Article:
"Consumers should immediately stop using these recalled products and contact the recalling company to return their hoverboard for a full refund, a free repair or a free replacement depending on the model," the agency said.
The recall affects hoverboards from a several manufacturers, but more than half of the recalled units were from Indiana-based Swagway.
Swagway said the recall only affects a previous version of their X1 model hoverboards. Consumers with the defective units can have them upgraded with new battery units designed to protect against overheating or receive a $200 credit toward the purchase of some of the company's newer hoverboard models.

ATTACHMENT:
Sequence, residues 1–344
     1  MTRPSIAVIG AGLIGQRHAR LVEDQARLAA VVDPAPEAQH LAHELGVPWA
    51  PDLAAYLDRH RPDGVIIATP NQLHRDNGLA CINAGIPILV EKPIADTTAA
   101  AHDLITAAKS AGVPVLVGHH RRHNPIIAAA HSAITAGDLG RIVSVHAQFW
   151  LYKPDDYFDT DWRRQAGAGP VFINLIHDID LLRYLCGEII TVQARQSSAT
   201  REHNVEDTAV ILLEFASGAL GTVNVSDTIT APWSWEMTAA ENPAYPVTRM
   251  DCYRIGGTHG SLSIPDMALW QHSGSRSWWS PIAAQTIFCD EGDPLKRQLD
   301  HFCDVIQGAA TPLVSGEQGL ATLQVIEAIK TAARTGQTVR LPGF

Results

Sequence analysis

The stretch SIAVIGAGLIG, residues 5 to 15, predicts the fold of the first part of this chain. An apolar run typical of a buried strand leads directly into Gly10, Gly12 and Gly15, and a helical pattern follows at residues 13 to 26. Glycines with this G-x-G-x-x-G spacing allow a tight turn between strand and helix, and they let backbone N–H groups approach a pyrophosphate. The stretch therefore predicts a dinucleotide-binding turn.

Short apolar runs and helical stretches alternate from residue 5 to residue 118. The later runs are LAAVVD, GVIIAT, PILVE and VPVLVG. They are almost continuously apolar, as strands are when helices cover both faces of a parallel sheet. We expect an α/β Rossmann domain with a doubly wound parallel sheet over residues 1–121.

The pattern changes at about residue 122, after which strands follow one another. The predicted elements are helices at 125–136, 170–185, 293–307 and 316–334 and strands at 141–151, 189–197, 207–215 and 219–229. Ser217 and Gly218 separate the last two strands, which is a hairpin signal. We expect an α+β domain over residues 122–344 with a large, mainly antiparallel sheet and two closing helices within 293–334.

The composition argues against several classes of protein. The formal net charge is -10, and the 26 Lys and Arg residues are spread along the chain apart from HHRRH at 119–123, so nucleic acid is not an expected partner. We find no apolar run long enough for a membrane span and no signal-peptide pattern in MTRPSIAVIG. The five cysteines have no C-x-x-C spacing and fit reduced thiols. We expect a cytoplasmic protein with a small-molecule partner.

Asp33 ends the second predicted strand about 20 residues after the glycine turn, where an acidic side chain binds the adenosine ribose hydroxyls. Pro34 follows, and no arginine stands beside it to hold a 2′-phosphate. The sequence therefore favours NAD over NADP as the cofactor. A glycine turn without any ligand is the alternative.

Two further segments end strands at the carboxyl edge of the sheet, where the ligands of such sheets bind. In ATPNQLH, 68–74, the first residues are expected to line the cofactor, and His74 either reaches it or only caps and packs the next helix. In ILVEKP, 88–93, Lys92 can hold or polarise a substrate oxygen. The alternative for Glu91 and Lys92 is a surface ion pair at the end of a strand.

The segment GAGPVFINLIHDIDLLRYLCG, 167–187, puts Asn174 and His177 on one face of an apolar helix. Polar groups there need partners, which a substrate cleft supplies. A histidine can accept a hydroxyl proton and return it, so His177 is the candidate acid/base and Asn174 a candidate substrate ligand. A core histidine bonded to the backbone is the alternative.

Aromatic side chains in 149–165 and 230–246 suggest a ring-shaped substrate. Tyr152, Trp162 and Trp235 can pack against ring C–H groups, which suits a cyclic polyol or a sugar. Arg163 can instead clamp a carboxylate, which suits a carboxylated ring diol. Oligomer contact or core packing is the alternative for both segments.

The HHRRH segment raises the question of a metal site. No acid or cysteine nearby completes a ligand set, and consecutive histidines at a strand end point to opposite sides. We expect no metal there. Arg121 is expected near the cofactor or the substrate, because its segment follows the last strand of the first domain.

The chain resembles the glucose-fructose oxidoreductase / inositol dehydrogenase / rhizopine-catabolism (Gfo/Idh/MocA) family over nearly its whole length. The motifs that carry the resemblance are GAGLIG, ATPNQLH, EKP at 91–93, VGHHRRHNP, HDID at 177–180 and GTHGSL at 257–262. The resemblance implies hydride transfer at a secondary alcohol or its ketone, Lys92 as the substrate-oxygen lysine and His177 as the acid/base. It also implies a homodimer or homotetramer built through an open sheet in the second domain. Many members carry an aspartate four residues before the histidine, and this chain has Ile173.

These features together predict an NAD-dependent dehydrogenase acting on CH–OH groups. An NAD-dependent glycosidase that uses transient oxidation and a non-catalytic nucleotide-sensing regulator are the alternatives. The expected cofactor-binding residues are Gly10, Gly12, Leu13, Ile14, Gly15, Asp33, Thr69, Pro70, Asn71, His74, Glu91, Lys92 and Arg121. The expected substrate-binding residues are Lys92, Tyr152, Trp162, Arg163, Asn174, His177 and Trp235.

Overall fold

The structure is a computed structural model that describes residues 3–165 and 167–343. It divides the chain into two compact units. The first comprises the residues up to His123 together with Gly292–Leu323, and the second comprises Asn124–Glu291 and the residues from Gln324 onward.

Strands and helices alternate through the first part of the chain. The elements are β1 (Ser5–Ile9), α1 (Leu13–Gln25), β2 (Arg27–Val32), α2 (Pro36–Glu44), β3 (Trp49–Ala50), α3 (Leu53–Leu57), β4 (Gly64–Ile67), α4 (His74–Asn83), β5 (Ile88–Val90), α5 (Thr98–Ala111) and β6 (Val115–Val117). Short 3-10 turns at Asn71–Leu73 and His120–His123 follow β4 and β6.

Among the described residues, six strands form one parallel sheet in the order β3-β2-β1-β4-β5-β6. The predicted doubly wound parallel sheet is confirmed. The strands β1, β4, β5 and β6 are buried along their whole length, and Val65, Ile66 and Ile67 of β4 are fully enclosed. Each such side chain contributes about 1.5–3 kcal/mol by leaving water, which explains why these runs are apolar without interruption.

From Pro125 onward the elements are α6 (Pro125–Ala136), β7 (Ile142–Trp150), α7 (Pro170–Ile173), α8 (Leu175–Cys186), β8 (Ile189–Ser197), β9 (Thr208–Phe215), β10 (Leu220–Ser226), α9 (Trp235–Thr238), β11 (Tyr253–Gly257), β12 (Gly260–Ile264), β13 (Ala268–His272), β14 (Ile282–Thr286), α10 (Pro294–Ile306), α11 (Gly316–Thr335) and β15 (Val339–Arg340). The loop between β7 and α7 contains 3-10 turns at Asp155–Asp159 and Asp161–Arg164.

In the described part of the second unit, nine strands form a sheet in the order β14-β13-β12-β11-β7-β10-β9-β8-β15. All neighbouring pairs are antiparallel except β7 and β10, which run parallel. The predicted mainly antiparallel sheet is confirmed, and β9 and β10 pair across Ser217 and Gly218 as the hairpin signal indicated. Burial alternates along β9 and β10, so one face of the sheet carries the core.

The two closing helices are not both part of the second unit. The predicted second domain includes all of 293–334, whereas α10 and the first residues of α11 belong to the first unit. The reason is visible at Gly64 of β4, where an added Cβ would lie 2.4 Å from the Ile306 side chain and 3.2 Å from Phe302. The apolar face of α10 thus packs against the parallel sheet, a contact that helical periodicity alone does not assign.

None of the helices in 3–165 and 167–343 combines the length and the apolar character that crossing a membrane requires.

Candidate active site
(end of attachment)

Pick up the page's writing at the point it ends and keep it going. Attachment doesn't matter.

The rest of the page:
"Consumer safety remains Swagway’s number one priority," the company said in a news release.
Hoverboards were a hot-ticket item last holiday season, but reports of injuries from falls and the battery issues have dampened their popularity. In one harrowing example, a fire started by a hoverboard burned down a Nashville family's home, endangering two children.
Last year, major airlines banned hoverboards from flights because of the fire risks. Several retailers, including Amazon and Overstock (which is among the sellers involved in the recall), have also stopped stocking some models. (Amazon chief executive Jeffrey Bezos owns The Washington Post.)